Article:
Cassini acquired this interesting image of the satellite Helene on March 3. Helene is a small 30km-wide satellite of Saturn. Its orbit is also very curious, since it resides at the L4 Lagrange point of the much larger 1000km-wide satellite Dione. The L4 Lagrange point leads Dione's motion by 60 degrees in longitude. Such satellites are known as coorbitals, since they co-orbit with another larger body, and only a few such coorbital satellites are known. This coorbital motion is analgous to the Trojan asteroids, which lead/trail Jupiter by 60 degrees. Note also Helene's smooth surface. Although the outlines of large craters are clearly evident, their filled-in appearance suggests that this satellite is also being bombarded and coated by dust that might also be present in this part of the Saturnian system. Keep an eye on the CICLOPS website for information about this small but interesting satellite.
This image is a rendering of a 3D model of the Mojave Crater on Mars. The image was crafted from stereo images acquired by the Mars Reconnaissance Orbiter, and spans about 4km. This is just a small portion of the crater's edge, since the crater itself is 60km across. This image also has its vertial relief enhanced 3x over that in the horizontal direction. Note that this part of the crater appears filled in, like a pond. This ponding is thought to occur when melt generated by an impact is captured behind mountainous walls. The dearth of additional smaller craters tells us this feature is relatively young for Mars, only 10 million years old. Note also the flows into and out of this region. They suggest that the impact event might have melted underground ice that also flooded this region.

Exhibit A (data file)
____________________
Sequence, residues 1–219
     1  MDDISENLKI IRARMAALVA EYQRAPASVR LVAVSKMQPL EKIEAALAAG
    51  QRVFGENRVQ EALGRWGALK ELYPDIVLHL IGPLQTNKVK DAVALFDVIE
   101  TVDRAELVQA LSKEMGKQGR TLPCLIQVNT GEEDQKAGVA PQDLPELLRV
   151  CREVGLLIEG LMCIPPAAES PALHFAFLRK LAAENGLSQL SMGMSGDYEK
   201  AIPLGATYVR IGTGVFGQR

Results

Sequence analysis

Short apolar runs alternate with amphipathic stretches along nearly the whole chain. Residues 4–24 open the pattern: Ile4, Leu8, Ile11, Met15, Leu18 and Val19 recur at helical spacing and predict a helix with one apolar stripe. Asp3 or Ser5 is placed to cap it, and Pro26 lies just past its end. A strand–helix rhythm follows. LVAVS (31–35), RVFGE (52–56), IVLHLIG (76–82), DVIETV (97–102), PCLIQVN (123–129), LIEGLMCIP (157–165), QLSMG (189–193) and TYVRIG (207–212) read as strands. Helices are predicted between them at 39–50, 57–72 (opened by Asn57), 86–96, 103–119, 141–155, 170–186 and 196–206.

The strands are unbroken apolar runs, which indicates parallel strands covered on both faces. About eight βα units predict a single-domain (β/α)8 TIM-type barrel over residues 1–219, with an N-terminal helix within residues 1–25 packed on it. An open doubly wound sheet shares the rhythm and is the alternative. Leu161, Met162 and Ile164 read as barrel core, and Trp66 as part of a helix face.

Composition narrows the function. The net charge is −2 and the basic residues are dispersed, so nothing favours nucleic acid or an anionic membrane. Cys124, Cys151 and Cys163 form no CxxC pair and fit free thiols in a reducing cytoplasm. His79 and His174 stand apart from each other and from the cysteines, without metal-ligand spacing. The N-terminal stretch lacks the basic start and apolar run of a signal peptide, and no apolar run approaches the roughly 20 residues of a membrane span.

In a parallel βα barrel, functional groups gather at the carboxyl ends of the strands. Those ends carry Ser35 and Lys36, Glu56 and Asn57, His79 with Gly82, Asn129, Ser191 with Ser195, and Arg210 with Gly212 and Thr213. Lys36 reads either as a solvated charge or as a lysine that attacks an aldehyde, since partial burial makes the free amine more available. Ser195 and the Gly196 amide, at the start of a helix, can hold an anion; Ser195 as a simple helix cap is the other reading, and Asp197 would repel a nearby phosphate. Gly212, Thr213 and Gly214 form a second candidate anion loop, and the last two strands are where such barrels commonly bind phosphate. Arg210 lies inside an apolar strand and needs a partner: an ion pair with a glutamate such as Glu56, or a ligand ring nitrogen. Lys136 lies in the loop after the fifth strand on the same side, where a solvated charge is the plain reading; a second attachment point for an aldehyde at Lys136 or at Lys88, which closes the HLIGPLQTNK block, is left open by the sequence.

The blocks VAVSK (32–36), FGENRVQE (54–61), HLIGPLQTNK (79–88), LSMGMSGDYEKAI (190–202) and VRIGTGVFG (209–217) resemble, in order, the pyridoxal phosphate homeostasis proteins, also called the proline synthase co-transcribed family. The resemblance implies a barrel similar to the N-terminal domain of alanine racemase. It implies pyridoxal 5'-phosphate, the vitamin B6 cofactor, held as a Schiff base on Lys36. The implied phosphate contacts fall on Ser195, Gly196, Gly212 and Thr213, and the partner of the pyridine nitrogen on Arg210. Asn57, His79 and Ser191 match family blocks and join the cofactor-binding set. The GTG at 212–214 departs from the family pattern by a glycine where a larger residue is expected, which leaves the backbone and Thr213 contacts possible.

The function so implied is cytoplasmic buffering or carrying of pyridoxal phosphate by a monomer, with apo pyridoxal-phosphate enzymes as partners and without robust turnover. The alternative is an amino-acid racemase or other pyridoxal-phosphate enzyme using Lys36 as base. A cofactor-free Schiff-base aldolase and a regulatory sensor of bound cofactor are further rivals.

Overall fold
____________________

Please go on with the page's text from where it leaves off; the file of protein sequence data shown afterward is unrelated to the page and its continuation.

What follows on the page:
NASA's WISE mission (Wide-Field Survey Explorer) is a new spacescraft that is designed to map the sky at infrared wavelengths. The above shows a color image comet Siding Spring seen at 3-22 microns, which is rather redwards of visible light having wavelengths of ~0.6 microns. This image is colored so that the hotter stars appear blue while the much cooler cometary dust tail is red. A tail forms when the comet passes near the Sun, which warms the comet's icy surface. As the comet's icy surface sublimates (boils off), the water vapor also liberates tiny dust grains. Radiation pressure, which is the weak force that sunlight exerts on these tiny dust grains, then sweeps these particles away into a tail that can span millions of miles. See the WISE website for more details.